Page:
I know a lot of people aren’t familiar with our songs, so I give a brief introduction to what the song is about. I try and make it funny or interesting, which helps people loosen up. I try and convey to the audience that our songs are about them, too.
"To me, the blues signifies hope. It makes good times better, and bad times more bearable – because you realize that someone else has gone through those bad times, and not only did they survive it, but they wrote and recorded a song about it!"
How do you characterize the music philosophy of "Hitman"? Where did you get that nick name idea?
When I started out, I played in a lot of different kinds of bands as a freelancer. Besides rock bands, I also played in “society” bands - playing for wealthy people, doing what’s now called The American Songbook (we called them “standards” back then.) That’s Porter, Berlin, Hammerstein, Gershwin, etc. I played in groups that specialized in reggae, jazz, funk, salsa, Greek, Hassidic, German, swing music, Top 40, and numerous other styles. Because of this, I learned a hell of a lot of songs. My current repertoire is about 500 rock, blues, funk and reggae songs, and about 300 “standards”, and those are just the songs I can play and sing off the top of my head. So, I got the reputation of knowing all the hits. I would walk onto a gig and players who knew me would say “there’s Russ the Hitman”. It eventually just shortened to Hitman, and I kept the name.
Are there any memories from ‘The World Moves On’ studio sessions which you’d like to share with us?
Well, a few things I can’t talk about, but here’s one I can. When I went in to do the vocals, the engineer/producer Bob Stander and I kept going off on tangents. We’ve know each other since we were eight years old, although we were out of touch for over 30 years. We knew about each other, through mutual friends, but weren’t actually in contact. Anyway, we both have a sense of humor that is sort of typical New York City. Dark, absurd, and borderline psychotic. So we’d be tossing a gag back and forth, building it up, turning it around, and then suddenly one of us would go “Hey, we’ve really got to record this song”. Bang. Not even a break in the conversation, just “here it goes” and I start singing. I did all the vocals for the album in about two and a half hours. And then I asked him why it took so long, since the songs were each only five minutes long. So it should have taken less than an hour, right?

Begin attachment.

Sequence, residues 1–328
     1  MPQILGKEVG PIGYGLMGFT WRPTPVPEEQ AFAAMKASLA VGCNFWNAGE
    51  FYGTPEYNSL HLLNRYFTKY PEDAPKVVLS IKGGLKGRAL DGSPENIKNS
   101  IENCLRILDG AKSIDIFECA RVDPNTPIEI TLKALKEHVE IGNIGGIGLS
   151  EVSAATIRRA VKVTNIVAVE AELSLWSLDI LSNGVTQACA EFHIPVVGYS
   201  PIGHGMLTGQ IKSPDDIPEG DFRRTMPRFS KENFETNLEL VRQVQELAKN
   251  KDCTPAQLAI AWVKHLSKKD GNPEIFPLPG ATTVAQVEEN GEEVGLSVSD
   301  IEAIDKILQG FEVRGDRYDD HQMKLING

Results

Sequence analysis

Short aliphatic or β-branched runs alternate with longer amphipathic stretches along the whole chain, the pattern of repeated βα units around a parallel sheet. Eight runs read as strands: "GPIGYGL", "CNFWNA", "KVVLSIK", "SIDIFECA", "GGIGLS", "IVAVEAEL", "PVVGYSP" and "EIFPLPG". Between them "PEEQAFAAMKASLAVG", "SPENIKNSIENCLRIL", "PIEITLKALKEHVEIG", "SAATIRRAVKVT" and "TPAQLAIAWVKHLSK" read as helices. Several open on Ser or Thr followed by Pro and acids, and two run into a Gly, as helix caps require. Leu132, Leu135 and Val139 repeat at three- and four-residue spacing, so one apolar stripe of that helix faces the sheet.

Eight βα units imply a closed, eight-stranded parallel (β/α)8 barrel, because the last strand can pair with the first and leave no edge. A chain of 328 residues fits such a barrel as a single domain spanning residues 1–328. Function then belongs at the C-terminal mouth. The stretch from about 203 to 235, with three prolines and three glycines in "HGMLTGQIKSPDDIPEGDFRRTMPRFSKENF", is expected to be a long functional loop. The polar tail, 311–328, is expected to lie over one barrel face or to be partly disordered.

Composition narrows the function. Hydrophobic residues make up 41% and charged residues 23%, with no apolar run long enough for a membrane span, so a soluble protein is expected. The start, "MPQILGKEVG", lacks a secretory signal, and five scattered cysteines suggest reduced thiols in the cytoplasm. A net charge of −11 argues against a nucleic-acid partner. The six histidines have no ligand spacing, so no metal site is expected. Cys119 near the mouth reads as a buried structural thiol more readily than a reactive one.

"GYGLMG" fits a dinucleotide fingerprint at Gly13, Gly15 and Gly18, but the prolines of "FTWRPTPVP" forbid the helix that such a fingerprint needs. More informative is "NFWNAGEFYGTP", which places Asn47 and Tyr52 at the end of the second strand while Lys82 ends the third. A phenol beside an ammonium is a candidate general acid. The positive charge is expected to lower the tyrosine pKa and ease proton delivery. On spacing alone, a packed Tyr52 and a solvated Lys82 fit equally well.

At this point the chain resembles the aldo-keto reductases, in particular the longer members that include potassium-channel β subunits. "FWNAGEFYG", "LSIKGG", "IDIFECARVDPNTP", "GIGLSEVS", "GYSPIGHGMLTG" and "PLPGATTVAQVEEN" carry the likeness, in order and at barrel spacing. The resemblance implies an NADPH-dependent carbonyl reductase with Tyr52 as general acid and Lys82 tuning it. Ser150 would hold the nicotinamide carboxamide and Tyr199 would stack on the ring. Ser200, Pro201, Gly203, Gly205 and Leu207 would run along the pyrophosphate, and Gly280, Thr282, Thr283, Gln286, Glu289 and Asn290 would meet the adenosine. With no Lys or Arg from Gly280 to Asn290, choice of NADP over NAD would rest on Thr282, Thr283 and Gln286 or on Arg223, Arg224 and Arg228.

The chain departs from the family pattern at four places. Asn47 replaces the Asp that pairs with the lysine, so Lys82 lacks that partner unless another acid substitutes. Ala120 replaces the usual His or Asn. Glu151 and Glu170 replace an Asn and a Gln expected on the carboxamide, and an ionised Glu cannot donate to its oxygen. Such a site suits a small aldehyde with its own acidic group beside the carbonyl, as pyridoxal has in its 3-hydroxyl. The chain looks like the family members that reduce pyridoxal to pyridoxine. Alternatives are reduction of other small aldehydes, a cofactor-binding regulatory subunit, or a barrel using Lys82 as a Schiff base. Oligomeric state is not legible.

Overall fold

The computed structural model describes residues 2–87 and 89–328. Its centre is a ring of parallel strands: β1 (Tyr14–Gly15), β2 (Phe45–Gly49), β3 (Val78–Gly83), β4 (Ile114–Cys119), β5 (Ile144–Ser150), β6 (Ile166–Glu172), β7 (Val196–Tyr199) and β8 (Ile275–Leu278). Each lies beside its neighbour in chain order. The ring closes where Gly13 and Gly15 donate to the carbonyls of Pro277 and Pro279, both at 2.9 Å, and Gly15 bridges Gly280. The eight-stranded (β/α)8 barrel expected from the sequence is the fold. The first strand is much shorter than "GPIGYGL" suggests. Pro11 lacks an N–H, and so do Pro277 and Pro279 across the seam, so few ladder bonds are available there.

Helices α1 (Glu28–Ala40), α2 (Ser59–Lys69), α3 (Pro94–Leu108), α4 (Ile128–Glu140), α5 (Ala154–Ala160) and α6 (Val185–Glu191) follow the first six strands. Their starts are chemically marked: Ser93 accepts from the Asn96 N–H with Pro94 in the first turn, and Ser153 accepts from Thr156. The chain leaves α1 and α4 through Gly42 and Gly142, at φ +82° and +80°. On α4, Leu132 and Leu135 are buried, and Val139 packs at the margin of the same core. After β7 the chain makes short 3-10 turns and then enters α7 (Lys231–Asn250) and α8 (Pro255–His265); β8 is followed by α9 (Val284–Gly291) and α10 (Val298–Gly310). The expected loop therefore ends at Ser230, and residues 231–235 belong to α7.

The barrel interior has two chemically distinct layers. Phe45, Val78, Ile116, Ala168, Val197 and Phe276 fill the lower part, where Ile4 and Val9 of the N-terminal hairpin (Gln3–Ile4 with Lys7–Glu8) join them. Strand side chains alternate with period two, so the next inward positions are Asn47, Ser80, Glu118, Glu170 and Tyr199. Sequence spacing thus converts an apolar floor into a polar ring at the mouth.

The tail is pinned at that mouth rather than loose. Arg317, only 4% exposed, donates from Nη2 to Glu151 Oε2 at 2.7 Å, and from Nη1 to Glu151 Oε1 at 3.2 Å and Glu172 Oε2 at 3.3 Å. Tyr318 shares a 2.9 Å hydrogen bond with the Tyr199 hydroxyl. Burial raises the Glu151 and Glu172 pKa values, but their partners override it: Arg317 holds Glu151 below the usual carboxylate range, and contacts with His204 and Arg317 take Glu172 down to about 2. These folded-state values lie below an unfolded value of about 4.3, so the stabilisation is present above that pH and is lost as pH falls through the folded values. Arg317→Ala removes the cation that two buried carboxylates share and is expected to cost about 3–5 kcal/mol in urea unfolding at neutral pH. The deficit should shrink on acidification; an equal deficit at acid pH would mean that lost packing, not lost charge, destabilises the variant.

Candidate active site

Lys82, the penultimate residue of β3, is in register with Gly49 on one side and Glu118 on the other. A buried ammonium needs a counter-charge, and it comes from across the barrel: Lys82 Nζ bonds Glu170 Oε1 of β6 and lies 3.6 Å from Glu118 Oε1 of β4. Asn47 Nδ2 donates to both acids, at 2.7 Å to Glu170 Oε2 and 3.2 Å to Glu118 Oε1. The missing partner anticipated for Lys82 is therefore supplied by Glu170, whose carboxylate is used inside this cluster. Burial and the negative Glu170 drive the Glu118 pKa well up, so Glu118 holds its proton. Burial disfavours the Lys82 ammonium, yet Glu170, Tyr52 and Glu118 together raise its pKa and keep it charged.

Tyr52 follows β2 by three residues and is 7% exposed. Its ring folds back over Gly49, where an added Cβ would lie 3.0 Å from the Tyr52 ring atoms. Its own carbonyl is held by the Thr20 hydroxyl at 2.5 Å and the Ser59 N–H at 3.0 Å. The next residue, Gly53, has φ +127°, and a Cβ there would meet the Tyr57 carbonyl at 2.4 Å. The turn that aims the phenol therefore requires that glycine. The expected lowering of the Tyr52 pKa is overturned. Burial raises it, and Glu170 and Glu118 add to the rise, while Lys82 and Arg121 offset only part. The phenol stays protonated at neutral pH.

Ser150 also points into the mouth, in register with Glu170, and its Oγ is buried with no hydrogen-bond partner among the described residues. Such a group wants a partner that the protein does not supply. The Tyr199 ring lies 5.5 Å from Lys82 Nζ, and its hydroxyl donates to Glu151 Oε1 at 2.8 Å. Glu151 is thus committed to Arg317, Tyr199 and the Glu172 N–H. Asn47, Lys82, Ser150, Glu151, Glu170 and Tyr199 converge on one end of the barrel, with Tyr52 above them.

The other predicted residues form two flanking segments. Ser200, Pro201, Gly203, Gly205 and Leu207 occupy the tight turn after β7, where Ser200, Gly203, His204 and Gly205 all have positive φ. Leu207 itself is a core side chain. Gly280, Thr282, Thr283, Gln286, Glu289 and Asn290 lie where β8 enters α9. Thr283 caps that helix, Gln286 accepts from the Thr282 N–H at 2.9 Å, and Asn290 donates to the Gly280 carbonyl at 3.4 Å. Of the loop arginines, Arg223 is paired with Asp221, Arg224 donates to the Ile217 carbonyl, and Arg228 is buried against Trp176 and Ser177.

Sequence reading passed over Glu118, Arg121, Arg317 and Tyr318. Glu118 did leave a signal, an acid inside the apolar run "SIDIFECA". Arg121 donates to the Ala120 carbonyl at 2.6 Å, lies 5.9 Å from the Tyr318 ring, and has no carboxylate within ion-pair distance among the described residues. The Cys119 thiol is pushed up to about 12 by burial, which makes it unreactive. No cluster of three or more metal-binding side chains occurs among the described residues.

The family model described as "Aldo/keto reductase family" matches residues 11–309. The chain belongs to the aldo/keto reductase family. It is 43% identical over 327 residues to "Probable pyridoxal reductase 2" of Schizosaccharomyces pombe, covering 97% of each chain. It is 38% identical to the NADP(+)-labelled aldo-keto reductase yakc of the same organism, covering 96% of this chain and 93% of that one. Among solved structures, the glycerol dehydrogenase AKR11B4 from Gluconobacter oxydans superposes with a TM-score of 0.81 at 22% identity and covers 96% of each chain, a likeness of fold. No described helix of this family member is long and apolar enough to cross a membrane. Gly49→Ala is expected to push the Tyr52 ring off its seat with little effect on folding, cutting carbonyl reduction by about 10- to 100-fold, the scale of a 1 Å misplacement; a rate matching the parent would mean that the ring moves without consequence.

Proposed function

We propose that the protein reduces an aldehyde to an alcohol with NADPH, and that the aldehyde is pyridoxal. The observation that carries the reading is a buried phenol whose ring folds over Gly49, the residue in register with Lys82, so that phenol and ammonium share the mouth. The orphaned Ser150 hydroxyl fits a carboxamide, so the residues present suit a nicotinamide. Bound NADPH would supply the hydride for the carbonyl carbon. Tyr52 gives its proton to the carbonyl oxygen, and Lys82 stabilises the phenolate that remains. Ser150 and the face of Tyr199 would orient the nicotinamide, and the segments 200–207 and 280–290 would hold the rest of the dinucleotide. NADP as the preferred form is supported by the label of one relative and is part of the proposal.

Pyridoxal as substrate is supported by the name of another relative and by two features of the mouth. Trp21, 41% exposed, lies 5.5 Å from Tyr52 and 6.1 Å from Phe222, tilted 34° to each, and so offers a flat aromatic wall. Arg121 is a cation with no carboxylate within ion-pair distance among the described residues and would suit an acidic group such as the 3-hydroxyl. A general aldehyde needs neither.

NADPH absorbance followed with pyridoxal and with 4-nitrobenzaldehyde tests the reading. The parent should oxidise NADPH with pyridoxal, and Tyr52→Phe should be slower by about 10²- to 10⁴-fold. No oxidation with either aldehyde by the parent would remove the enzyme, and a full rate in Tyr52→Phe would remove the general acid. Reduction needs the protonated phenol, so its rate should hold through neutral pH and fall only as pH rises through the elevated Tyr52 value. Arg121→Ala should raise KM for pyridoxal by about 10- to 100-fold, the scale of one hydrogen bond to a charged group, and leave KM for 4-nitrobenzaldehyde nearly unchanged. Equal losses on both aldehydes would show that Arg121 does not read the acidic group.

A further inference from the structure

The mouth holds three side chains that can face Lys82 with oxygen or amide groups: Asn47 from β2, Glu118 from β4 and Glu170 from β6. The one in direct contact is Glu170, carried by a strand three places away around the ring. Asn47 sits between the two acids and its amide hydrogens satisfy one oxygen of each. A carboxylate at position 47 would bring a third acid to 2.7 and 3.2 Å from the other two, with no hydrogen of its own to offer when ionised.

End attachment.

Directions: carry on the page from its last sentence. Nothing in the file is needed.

Tell about your studio session on previous 2013 album 'Blues Enough'?
Well, it was a tough one. We went into the studio in Brooklyn and it was about 20 degrees outside, with snow. It turned out the studio had no heat, just space heaters, so it was maybe 25 degrees in there. We tried to record everything at once, with the full horn section. The studio equipment kept malfunctioning, so out of 12 hours we only got to play 3 full songs. It was awful. We went back two weeks later, still freezing, and laid down the rhythm tracks to the rest of the album. But it never really worked out there. The actual tracks were recorded over a period of four months because the Brooklyn studio had weird hours, and we could only get in there once every three weeks for a couple of hours. We did a total of five or six recording sessions there, all of them under difficult conditions. We ended up taking the tracks to Bob Stander of Parcheesi Studios, who remixed everything and then got it mastered by Gene Paul (Les Paul’s son) at G&J Studios. Bob and Gene did a fantastic job. We’re very happy with the way the album came out.
Would you mind telling me your most vivid memory from the road with the blues?
Well, here’s one: We were on our way to a gig in Austria, and the driver was pointing out the beautiful mountain scenery. All of sudden he realized a guy had stopped dead right ahead of us. He slammed on the brakes (we were in a truck full of gear) and just missed the guy. We ended up in a ditch, and the only reason we didn’t roll over was because a gas pipe sticking up out of the road was propping up the side of the truck. It turned out the guy who stopped had a little car full of clay roofing tiles. If we’d hit him, the tiles would have decapitated him. So, we’re in the middle of nowhere, stuck in a ditch, and have to get to this gig at a biker bar. Like the cavalry, we see this tractor coming down the hill (the farmer must have seen what happened). He pulled us out; we drove a bit faster than safety would dictate, but got to the gig just in time. Great gig, too!
From whom have you have learned the most secrets about blues music?
No one person. Having said that, I got some good advice from Bob (from Parcheesi Studios) when I was much younger. I’ve actually known Bob since I was in first grade! He’s a very talented multi-instrumentalist, along with being an incredible engineer and producer. Anyway, this was about 1980 - we were listening to some Frank Zappa and I said I couldn’t focus in on the notes. He answered “you’re listening too critically. You’ve got to hear the overall shape of it, not the individual notes.” That opened up a lot of stuff to me. Shortly after that I got into Charlie Parker, Wes Montgomery, and Robert Johnson, all at the same time. It helped me understand what was going on, and not get hung up on details. It applies to all music, not just blues.
Are there any memories with Johnny Copeland, Smokey Robinson, and Whitney Houston which you’d like to share with us?